God designed the family to include a mother and a father. That was His intention; however, some of our "vessels," or families, are spoiled. Allow God to be the potter who reshapes your family into what He wants for you and your children. Put it into your mind that you are a single parent family. Use the word family often.
Tell Your Children!
The first year that my children and I were alone, I had an opportunity that burned into my mind the importance of calling ourselves a family unit. It was on an Easter Sunday morning, and when we went to church that morning, there was a member of the congregation taking pictures of all the families. As we approached the church, he motioned for us to come over and get our picture made. I became upset at the audacity of this man. How dare he want to take a picture of my children and me? Hadn't he heard that the children's father and I were divorced?
He was insistent; then I heard my daughter shout, "We don't have a family," and she went running into the church. My son was quieter, but his words were just as lethal when he said to the man, "We aren't a family anymore. Don't you know my Dad left?" With his head down and his shoulders slumped, he walked off in the opposite direction and into the church. Oh my goodness, my children just verbalized what I had been thinking, but hearing them say it hurt.
All through the church service I thought about what had taken place, and after church when we got home, I sat my children down for a talk. I explained to them that we were indeed still a family. My son said, "Mom, look around. In case you haven't noticed, Dad left. We don't have a dad anymore. We're different." I diligently explained that God still loved us, and we would need to work at being a family. I told them that we still had each other. As I began to pray, the Lord revealed to me how to create a family from the pieces that lay before me. God became the Father in our home.
Characteristics of Single Parent Families
Single parent families …
* set up schedules that are consistent but flexible.
* show that each member of the family unit is valuable by giving each person responsibilities that contribute to the well-being of the family.
* communicate with each other; everyone has a chance to contribute to the conversation, and consideration is given to what the parent has to say as well.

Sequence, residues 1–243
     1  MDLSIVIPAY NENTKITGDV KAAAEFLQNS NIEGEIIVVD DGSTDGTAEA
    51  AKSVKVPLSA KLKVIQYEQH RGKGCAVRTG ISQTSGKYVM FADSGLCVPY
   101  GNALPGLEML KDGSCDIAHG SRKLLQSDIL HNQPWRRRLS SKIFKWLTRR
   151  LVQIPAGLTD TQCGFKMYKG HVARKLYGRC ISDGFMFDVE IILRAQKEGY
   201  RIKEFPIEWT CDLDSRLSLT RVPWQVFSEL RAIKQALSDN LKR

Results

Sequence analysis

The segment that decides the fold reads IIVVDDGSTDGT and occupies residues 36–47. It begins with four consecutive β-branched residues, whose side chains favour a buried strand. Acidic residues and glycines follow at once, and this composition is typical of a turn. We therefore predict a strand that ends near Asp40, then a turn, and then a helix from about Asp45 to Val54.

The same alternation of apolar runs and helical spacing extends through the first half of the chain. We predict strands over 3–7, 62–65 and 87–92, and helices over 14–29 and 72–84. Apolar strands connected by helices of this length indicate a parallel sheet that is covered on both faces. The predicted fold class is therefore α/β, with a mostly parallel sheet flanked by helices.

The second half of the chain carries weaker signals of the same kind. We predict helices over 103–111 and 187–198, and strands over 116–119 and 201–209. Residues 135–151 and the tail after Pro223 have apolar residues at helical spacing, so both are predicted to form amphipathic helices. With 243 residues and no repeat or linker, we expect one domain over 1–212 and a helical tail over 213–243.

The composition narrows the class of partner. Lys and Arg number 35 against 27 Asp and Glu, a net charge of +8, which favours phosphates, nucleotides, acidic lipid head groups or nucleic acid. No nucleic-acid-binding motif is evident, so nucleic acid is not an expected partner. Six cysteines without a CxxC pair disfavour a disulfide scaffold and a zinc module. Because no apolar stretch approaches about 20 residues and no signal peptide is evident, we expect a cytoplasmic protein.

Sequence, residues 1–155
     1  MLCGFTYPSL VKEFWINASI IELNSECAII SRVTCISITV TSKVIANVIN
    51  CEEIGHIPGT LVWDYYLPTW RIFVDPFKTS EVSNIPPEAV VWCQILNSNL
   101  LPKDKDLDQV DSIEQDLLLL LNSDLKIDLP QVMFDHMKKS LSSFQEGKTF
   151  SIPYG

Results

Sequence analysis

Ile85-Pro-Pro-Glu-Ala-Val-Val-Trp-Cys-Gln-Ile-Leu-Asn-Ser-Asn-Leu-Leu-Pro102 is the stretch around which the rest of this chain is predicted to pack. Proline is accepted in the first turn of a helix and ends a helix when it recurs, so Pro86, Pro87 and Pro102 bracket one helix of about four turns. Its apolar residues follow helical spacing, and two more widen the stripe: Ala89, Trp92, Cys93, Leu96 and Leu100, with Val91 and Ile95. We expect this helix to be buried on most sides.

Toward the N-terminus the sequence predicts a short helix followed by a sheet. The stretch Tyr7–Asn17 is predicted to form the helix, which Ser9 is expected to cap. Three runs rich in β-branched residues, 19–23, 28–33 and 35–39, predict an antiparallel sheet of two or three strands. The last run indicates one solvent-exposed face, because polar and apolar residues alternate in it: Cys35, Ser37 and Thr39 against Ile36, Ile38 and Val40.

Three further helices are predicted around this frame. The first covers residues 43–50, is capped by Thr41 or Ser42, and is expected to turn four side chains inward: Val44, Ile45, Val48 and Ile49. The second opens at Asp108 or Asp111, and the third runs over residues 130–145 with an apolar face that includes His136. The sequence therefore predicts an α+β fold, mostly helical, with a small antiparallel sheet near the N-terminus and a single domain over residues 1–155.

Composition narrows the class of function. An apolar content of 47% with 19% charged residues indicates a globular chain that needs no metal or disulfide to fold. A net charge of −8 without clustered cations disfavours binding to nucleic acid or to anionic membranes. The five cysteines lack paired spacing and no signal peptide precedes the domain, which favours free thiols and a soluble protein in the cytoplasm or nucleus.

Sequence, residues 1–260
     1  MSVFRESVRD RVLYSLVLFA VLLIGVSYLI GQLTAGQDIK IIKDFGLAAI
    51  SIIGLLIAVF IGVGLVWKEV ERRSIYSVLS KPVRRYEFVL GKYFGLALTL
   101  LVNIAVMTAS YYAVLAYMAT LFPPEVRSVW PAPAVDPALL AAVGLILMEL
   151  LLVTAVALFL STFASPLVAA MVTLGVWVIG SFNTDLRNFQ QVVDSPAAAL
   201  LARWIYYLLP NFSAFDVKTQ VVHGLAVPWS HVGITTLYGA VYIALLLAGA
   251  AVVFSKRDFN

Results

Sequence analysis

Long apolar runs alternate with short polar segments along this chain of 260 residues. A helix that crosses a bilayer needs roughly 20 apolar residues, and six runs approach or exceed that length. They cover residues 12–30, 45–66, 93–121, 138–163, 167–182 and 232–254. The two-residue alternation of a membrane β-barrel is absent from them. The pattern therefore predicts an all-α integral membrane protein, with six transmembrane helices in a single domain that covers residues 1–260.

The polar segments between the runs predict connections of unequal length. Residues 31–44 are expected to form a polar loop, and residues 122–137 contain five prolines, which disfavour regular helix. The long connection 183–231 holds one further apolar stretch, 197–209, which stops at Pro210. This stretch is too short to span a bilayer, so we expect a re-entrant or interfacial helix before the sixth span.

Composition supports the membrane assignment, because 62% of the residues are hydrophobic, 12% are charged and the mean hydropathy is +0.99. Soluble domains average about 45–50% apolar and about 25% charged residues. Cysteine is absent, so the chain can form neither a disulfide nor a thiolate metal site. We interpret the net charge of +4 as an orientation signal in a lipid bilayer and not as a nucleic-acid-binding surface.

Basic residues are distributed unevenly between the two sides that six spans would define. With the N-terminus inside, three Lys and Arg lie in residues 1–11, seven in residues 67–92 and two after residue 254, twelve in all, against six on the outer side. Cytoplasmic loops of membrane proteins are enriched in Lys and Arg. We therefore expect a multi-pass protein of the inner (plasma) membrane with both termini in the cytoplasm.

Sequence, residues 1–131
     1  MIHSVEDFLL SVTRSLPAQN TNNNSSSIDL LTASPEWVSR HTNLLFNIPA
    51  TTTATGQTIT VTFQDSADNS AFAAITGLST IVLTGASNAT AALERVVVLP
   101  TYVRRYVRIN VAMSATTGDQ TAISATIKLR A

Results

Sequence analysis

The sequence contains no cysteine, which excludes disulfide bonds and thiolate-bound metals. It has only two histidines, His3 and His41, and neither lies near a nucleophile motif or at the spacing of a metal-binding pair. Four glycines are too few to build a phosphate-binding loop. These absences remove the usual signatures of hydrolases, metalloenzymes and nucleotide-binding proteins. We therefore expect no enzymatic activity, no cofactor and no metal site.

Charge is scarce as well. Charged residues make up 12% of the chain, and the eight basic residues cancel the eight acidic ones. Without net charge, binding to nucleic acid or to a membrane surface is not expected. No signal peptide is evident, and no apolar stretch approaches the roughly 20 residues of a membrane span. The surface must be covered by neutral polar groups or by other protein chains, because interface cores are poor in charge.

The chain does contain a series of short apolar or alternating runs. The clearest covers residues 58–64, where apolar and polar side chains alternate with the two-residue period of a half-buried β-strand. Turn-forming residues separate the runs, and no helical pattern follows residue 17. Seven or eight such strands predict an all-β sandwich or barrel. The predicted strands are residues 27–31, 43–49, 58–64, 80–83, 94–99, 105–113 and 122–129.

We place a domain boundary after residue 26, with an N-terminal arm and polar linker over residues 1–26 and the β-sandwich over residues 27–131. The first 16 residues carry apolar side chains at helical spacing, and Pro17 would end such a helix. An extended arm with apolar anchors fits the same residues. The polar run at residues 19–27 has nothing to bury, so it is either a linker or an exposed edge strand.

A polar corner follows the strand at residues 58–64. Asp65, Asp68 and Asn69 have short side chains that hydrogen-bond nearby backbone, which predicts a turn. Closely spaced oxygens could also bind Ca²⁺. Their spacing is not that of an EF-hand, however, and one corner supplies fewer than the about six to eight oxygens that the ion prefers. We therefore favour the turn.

* support one another.
* are trustworthy; if you say you are going to do something, then do it.
* are reliable; you, as the parent, must be reliable.
* are respectful. All family members, including the parent, respect each other. In some situations the parent is going to have to model respect.
* show emotions. The adult models appropriate emotions for various situations.
* contribute to society; children are encouraged in this practice.
* read and pray together (Deut. 11:18-21).
* set up new rituals and continue some rituals and traditions from the past.
* problem solve together.
* share leisure time; play, laugh and share humor together.
To help you change from a "broken home" to a "single parent family," read Colossians chapter three. Colossians 3:5-11 describes a parent who exemplifies a "broken home," while Colossians 3:12-17 describes a parent who is creating a single parent home. Are you the parent who is described in verses 8 and 9: "But now you must rid yourselves of all such things as these: anger, rage, malice, slander, and filthy language from your lips. Do not lie to each other since you have taken off your old self with its practices"?
If you are, then read the next section in chapter three, Colossians 3:12-17, which says to "clothe yourselves with compassion, kindness, humility, gentleness and patience. Bear with each other."
Be the parent God intended you to be. Ideally each of us should have the relationship with our child that God wants to have with us. Remember that Satan is a liar. He will try to destroy our single parent Christian homes. If you remember in Genesis chapter three, it states that the serpent, Satan, was crafty. Adam and Eve had the perfect family. Satan told Eve to eat of the forbidden tree and that she would surely not die. Eve did eat from the forbidden tree, and later on she died. Don't let him destroy your family.
Stay close to God and to the Lord's family-the church. Don't listen to the evil one when he wants you to feel defeated because you are the only parent in your situation. You are not the only parent-you are the other parent to God, our Father.
© MMV by the author and/or The Church Initiative, Inc. All rights reserved. Permission granted to reprint this article in print, or on your website, without alteration, if you include this copyright statement. If reprinted on the web, you must leave the hyperlinks live and in place.
Linda is the DC4K Executive Director for Church Initiative. For more information, email her at Linda@dc4k.org
To find more about DivorceCare for Kids, or to find a DC4K group near you, go to www.dc4k.org
Submitted by: Linda Jacobs *
Return back to your last page ?